Join us at 8 pm ET March 20 to discuss this topic – bring your ideas and your questions (and be sure to read the prep post, 5 Reasons Visionary Leaders may Fail to Execute, by my brilliant LeadershipChat co-host, Lisa Petrilli). We look forward to welcoming you to the lively and diverse LeadershipChat community!

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Hire Steve Woodruff as your Brand Therapist

Recent posts on Connection Agent:

>> How the Exit Door Can Improve Results

>> Cattle Disguised as People

You or Me – Who’s on First?

Our LeadershipChat topic this week opens up a very interesting, even somewhat deep question – can we truly put others first?

We talk a lot about being customer-centric and focused on others – our conversations about business and networking often bring out these idealistic themes. But are they realistic? Or are we only talking about yet another form of hypocritical manipulation?

(admit it: you’ve wondered this with all the high-falutin’ talk about putting others first – right?)

Well, let’s talk about it, plainly and practically. Because this touches on business strategy, sociology, philosophy – and stark realism.

First, I will pull all my cards out on the table for everyone to see – I believe that every person is driven, primarily, by self-interest. Even our noblest, most other-reaching actions have, woven around them, tendrils of our hard-wired self-love. And, I’m perfectly OK with that. Because it’s reality. *

If you adopt a philosophy and approach of being customer-centric and/or placing the spotlight on others, you are doing so with the idea that in some way, and at some point, it will benefit you. That is actually the foundation stone of a free and capitalistic society. When pursuing our self-interest is made most fruitful by providing value to others, we have the basis of a healthy and productive community.

A lot – maybe all? – of what you do right now in the business realm would vanish if you were assured that you would not get paid for it. Your self-interest (which includes providing for your dependents) dictates that you plant, and sow, in order to reap a harvest. No need to argue it – you may as well argue with the necessity of breathing.

And there is nothing wrong with this self-interest! Really – it’s OK.

Here’s the point – we’ll take one of two approaches, mindsets which determine how our self-interest manifests itself:

  1. Short-term/Grasping/Scarcity
  2. Long-term/Cultivating/Abundance

Both, ultimately, are driven by self-interest. But the first appears very much to be selfish. And we recoil from it.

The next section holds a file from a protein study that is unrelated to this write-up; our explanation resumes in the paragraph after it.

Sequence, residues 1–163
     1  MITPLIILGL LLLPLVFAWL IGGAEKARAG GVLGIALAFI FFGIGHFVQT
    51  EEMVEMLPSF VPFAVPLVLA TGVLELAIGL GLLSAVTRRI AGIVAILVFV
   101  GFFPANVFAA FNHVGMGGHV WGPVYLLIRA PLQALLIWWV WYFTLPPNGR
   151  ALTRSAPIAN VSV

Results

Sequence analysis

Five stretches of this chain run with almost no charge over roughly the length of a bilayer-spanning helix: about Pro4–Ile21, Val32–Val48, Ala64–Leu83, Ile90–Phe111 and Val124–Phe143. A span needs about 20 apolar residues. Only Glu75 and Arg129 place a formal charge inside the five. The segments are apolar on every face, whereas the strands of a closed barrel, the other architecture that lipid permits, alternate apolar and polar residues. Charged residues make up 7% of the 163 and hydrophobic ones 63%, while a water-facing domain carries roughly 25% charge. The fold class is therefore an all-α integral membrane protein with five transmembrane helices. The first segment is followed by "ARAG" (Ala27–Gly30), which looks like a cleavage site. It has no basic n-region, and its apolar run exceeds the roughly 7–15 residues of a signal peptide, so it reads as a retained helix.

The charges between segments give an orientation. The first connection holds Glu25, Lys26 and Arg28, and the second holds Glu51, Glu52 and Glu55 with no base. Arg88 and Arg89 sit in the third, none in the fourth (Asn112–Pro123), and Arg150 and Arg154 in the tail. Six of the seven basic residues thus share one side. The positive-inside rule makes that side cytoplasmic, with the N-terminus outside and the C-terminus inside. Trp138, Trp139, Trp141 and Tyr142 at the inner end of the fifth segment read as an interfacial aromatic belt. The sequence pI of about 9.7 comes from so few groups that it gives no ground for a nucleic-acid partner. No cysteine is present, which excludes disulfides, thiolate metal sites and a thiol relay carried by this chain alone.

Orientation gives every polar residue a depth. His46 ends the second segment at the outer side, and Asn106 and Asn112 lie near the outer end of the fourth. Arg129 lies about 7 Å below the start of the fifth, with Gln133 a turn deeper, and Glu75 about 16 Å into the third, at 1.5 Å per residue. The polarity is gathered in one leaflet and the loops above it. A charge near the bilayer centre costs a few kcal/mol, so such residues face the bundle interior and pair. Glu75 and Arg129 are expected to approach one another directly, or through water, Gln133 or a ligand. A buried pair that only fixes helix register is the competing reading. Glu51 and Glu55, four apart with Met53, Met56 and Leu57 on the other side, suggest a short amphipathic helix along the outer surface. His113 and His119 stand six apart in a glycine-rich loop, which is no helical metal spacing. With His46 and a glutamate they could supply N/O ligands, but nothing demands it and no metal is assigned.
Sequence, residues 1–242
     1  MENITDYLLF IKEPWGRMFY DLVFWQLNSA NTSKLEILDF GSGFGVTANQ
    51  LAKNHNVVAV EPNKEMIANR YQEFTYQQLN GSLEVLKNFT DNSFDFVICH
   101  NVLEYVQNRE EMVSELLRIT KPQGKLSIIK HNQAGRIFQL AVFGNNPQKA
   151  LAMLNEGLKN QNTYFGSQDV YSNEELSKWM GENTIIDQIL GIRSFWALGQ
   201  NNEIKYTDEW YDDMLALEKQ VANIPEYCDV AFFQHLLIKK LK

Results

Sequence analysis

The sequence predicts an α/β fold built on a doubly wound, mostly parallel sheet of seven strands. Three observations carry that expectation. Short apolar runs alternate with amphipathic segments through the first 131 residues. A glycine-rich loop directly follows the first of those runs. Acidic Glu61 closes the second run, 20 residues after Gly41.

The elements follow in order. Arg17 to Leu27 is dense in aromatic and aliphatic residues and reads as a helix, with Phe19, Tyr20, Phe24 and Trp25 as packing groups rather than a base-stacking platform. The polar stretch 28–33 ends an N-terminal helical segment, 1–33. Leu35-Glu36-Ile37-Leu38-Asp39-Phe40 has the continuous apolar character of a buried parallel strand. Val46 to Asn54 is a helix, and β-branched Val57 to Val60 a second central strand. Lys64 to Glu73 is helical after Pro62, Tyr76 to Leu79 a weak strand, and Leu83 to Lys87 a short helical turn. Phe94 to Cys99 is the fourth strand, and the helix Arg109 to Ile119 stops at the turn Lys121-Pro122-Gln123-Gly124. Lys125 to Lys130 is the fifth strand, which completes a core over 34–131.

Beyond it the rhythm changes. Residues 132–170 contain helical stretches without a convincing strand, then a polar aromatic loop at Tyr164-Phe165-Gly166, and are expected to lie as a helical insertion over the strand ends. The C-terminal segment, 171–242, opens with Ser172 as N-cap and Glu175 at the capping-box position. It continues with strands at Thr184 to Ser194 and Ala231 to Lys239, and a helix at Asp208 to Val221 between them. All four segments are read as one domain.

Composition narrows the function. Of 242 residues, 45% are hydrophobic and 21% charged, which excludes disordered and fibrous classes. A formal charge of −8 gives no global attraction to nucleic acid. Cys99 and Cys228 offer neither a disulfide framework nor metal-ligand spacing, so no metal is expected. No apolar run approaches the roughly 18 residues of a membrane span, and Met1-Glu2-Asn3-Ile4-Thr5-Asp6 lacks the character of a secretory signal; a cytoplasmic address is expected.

Enlightened leaders don’t have some magical capacity to become lily-white, angel-hearted, selfless dispensers of pure, unconditional, 100-proof sacrificial love. We must leave that for the divine. To be “Go-Givers” (as this week’s #LeadershipChat guest host Bob Burg puts it), we must suspend (so to speak) our instantaneous self-gratification in order to support the development and success of others. This, in turn, will lead to our success (and the success of others). Pursuing abundance, and the good of others, brings the most good – including to ourselves.

(please read the prep post of my co-host, Lisa Petrilli, who gives a nice outline of Bob Burg’s “Go-Giver” thinking).

Feel free to join us for this lively discussion on Tuesday, March 13th at 8 pm ET. This weekly Twitter gathering is for any and all aspiring leaders, globally – and, in your self-interest, you are bound to meet some very interesting and thoughtful people with whom you can build your network! (oh, and if you haven’t ever seen the classic Abbott and Costello skit about Who’s on First? – click the picture above!)

* some will dispute this rather stark description. I simply suggest that you meditate deeply on an almost universally-accepted maxim: Love your neighbor as yourself!

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Hire Steve Woodruff as your Brand Therapist

Recent posts on Connection Agent:

>> How the Exit Door Can Improve Results

>> Cattle Disguised as People

How the Exit Door can Improve Results

You’re in business to generate results. To create positive outcomes. To add value and serve customers. To make profit.

And a good leader, like any experienced gardener, knows that the short-term trauma of pruning is necessary for long-term productivity and an optimal harvest.

In other words, fire the slackers. Remove the malcontents. Find some other place for misfits. Get rid of the bad apples.